• Adjust the tool accordingly to maintain a consistent height, spacing, and cutting speed.

    Part Size

    CNC machines have varying capabilities based on their size and capacity. Some machines may be too small to accommodate large parts, while others may not be able to handle parts that are too small. As a result, the parts to be designed should carefully consider the part size and choose the appropriate machine accordingly.

    In addition to the size of the machine, the part size can also impact the speed of the machining process. Larger parts have a longer machining time and higher production costs because engineers need to remove more material during machining compared to smaller parts.

     Maximum DimensionMinimum Dimension
    CNC Milling4000×1500×600 mm 157.5×59.1×23.6 in.4×4 mm 0.1×0.1 in.
    CNC Turing200×500 mm 7.9×19.7 in.2×2 mm 0.079×0.079 in.

    Choose Softer Material

    Softer materials are easier to machine, resulting in faster cutting speeds, reduced tool wear, and lower machining times and costs. Additionally, they are less prone to cracking or deformation during the machining process, which improves part quality and reduces post-machining processing time. Nevertheless, only choose a soft material if the intended use and final application of the product allow it.

    Minimize Tool Changes and Workholding Setups

    A higher need for tool changes and work holding setups during a machining cycle will lead to a time-consuming and expensive process. You can consider the following tips to minimize tool changes and setups:

    • Parts with similar features and geometries can be CNC machined using a single cutting tool.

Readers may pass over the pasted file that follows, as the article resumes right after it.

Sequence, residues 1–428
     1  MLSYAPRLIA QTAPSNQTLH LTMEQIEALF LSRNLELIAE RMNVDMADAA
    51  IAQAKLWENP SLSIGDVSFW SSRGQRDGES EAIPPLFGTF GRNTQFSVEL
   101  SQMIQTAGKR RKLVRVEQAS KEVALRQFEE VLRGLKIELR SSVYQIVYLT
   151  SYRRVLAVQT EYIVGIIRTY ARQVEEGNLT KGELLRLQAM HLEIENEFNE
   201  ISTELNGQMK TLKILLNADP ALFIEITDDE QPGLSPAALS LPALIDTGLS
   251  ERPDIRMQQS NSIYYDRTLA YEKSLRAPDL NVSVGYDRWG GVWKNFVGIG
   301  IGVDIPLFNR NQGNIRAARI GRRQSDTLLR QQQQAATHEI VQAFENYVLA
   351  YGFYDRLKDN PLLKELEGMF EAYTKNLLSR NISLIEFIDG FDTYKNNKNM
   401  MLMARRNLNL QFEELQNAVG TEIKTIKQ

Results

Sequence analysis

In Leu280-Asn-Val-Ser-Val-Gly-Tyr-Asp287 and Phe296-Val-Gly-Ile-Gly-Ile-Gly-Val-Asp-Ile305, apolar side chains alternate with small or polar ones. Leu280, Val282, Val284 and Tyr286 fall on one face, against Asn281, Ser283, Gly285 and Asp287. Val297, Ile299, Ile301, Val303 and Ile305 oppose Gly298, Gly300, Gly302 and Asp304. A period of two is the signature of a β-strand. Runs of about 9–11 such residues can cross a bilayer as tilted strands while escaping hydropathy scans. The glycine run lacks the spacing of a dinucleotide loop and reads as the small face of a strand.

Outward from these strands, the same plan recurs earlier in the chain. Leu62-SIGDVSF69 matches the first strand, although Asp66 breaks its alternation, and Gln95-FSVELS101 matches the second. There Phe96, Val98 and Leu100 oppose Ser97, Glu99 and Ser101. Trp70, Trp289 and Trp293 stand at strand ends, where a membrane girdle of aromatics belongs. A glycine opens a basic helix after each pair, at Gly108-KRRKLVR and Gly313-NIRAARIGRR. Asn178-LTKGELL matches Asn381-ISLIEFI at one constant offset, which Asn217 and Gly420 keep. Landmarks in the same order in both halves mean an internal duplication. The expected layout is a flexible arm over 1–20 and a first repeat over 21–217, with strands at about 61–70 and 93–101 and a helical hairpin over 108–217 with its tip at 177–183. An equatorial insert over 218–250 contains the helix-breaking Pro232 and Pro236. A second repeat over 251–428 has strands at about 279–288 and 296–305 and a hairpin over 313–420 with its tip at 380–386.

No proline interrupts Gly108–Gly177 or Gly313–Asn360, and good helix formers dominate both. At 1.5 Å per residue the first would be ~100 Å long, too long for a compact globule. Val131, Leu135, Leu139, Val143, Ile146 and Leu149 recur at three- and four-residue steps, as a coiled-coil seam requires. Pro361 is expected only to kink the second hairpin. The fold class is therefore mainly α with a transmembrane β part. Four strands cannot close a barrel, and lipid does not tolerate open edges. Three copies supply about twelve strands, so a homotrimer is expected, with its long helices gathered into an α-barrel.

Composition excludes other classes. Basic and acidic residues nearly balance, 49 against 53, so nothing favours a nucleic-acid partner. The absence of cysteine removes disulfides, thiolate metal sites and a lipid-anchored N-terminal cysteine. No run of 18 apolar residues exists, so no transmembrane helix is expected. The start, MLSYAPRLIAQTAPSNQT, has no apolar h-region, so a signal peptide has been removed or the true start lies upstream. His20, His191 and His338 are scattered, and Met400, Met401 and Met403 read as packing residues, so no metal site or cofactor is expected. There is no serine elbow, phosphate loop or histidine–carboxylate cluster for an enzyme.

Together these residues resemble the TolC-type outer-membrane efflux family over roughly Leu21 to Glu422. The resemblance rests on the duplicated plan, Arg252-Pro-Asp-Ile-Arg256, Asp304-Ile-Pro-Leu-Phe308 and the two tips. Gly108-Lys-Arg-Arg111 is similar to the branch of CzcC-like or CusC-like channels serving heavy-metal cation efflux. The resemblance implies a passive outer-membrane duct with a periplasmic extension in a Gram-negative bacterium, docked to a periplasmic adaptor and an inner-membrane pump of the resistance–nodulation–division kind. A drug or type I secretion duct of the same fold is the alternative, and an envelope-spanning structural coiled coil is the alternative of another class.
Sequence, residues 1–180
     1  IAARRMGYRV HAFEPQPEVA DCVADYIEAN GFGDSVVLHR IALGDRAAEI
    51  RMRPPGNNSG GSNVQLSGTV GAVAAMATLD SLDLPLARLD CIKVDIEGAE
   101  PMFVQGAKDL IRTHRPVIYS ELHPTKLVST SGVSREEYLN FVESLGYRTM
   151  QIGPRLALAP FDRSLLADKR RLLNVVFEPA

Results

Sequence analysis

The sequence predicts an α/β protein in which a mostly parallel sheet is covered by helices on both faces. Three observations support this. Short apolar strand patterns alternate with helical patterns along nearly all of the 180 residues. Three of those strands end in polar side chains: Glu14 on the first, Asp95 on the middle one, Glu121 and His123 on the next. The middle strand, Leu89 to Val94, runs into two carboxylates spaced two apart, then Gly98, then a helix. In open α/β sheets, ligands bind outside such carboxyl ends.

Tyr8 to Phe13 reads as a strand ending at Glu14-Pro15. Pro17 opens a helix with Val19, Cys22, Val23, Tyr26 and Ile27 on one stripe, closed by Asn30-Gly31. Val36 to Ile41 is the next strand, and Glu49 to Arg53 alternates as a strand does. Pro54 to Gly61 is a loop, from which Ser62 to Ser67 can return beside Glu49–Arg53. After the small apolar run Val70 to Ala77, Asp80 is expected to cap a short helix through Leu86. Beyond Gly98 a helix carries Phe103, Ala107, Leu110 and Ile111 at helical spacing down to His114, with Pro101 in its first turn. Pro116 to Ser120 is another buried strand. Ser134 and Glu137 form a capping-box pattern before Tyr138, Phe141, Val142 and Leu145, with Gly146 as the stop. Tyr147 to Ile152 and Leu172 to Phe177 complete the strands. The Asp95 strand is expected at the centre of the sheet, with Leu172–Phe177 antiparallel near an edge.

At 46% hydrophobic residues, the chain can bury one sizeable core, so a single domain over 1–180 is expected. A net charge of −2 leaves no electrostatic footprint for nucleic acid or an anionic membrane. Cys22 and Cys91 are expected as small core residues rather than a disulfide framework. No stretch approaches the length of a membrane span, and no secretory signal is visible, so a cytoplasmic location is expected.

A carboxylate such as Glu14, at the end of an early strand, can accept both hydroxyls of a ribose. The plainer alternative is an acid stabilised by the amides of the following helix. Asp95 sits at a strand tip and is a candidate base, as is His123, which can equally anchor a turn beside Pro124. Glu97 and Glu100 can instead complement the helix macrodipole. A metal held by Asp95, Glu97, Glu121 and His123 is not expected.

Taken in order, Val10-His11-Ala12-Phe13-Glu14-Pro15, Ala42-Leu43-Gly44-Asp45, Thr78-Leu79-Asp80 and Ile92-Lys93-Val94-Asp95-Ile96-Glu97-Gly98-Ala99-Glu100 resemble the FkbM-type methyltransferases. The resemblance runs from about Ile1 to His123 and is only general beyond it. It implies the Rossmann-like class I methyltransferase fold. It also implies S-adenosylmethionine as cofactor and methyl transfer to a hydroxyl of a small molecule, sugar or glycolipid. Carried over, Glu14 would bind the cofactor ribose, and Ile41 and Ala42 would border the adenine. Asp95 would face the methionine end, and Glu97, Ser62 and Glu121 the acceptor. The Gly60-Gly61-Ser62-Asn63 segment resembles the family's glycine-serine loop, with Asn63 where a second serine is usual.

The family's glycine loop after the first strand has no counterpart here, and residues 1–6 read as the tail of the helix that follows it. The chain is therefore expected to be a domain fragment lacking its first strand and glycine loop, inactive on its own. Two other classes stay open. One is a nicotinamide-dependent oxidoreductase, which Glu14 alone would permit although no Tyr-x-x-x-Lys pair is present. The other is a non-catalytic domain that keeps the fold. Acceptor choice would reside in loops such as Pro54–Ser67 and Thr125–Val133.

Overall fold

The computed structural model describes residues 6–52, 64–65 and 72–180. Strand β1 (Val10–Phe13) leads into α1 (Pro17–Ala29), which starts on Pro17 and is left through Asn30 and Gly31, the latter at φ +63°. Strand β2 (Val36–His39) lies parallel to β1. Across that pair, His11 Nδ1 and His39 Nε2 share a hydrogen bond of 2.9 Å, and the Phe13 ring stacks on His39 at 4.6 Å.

• Reduce the required setups by designing parts with consistent orientations or using modular fixtures that can accommodate multiple parts.
    • Use multi-functional cutting tools that can perform multiple operations with a single tool change.

    For CNC Milling Parts

    Keep Available CNC Cutting Tools in Mind

    Optimizing CNC parts for cost and lead time reduction involves aligning designs with the capabilities of standard CNC milling tools. By choosing designs that conform to the sizes and capabilities of these standard tools, the need for custom or specialty tools can be significantly minimized.

    A practical example is the design of internal fillets. It’s advisable to avoid specifications that require a radius smaller than what standard CNC cutting tools can accommodate. Creating such features necessitates switching to smaller, possibly custom tools, which could lead to increased time and costs that may not justify the benefits. Therefore, staying within the limits of standard tool capabilities is a key consideration for efficient CNC part production.

    Avoid Sharp Internal Corners

    internal corner design

    CNC milling has inherent limitations, one of which is the inability to create sharp internal corners. This limitation arises from the round shape of CNC milling tools. To navigate this, engineers often use radiused corners in their designs. The radius of these corners needs to be at least half the diameter of the milling cutter. For example, with a 1/4” cutter, the minimum radius for the fillets should be no less than 1/8”.